Strict compliance with statutes of limitations seems harsh when you are a plaintiff. However, time limitations provide fairness when you are a defendant. Limiting how long someone can bring a lawsuit allows defendants to collect evidence and interview witnesses while they are still available.

Factors Influencing the Statute of Limitations Timeline

Judges may grant you more time to file your lawsuit in limited instances. Several factors influence the statute of limitations timeline, including:

  • The discovery rule: Some statutes of limitations don’t start running until you knew or should have known of your injuries.
  • Statute of repose: A statute of repose sets a hard deadline to file a claim based on the injury date, even if you didn’t know you suffered harm.
  • Minors and legal disability: The statute of limitations does not start running for minors until their 18th birthday. For those judged as legally disabled, the period does not begin until the disability status is removed.
  • Absence from the state: If a defendant flees the state, the time they are gone does not count against the statute of limitations.
  • Death of a party: A plaintiff’s representative can file a lawsuit on behalf of a decades party within the applicable statute of limitations or within one year of the party’s death, whichever is later. If the defendant dies, six months are added to the applicable statute of limitations for the plaintiff to sue the defendant’s estate.
  • Suing the government: You must file a claim against a local entity in Illinois within one year for injury or death. For medical malpractice claims, you have two years if you discovered your harm, but no later than four years. You have one year to file a notice of claim or a lawsuit against the state. If you file a notice of claim, you have two years from the incident date to file suit.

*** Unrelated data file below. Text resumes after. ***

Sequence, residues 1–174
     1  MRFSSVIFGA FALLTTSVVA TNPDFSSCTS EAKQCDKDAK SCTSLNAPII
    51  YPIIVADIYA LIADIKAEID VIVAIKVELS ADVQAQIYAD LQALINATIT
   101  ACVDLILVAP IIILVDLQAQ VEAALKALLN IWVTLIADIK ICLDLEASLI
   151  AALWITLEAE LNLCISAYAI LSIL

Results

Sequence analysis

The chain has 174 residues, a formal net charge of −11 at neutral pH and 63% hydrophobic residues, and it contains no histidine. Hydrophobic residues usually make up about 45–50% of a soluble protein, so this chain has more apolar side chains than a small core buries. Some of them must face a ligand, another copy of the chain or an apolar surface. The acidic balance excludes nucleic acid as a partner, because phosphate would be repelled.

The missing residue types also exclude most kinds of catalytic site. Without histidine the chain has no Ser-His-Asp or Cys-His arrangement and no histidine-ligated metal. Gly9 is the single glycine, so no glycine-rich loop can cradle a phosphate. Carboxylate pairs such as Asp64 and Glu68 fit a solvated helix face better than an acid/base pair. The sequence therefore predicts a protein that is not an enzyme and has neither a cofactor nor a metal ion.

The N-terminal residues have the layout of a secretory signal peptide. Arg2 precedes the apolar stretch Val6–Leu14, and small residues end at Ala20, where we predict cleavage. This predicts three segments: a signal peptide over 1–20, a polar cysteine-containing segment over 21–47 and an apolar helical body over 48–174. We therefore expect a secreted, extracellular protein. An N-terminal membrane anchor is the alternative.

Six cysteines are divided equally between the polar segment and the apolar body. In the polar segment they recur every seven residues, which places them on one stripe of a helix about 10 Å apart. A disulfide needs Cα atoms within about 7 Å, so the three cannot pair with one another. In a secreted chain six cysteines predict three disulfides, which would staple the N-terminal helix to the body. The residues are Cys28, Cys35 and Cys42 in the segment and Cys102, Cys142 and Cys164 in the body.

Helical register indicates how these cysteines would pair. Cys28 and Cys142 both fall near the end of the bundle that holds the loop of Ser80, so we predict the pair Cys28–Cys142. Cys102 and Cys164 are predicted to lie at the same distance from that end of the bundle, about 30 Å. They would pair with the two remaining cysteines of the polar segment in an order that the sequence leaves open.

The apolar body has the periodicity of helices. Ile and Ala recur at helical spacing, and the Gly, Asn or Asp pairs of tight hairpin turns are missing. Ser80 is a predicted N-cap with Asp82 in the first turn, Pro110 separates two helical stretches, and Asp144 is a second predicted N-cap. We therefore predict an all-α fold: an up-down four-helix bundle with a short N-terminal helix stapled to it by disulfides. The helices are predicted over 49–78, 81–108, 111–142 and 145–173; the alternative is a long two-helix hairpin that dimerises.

• Fraudulent concealment: If the defendant hides their actions through fraud, the plaintiff has five years from when they discovered their harm to file a claim.

What To Do if the statute of limitations Is Nearing Expiration

If you are approaching the statute of limitations for your personal injury claim, talk to an experienced personal injury attorney immediately. They can evaluate your case details and explore any possible exceptions or extensions to the statute of limitations that may apply.

FAQs: Statute of Limitations for Personal Injury Cases in Chicago

It is common to have questions regarding the statute of limitations and how it may affect your case. These are some of the more frequent ones we hear from our clients.

Can the Statute of Limitations Be Extended?

The statute of limitations may be extended if you did not discover or could not reasonably have discovered your injuries until long after the incident that caused them. It also may be extended if the defendant has left the state or died.

What Happens if I File a Lawsuit After the Statute of Limitations Has Expired?

If you file a lawsuit after the statute of limitations has expired by even one day, a judge will likely dismiss it. The other party’s insurance company may also halt negotiations because it knows you can no longer sue.

Are There Exceptions to the Statute of Limitations?

There are exceptions to the statute of limitations for minors and those with incapacitating disabilities. Also, the deadline may be extended if the defendant flees the state. There also are cases in which you have longer to file because you didn’t discover your injuries, such as in some medical malpractice claims.

What Is the Discovery Rule, and How Can It Affect My Case?

Instead of the statute of limitations starting on your accident date, the discovery rule dictates that it starts running when you have discovered, reasonably should have discovered, or are notified of your injuries. For example, you may not immediately know that medical negligence harmed you.

Recap of the Chicago Statute of Limitations

The Chicago statute of limitations varies by the type of claim, but it is two years for most cases, including some common ones our skilled attorneys handle, such as:

Seek legal advice promptly if you are hurt by someone else and want to pursue damages. A skilled attorney will investigate your case, handle insurance companies, file your claim on time, and go to court to fight for compensation if necessary.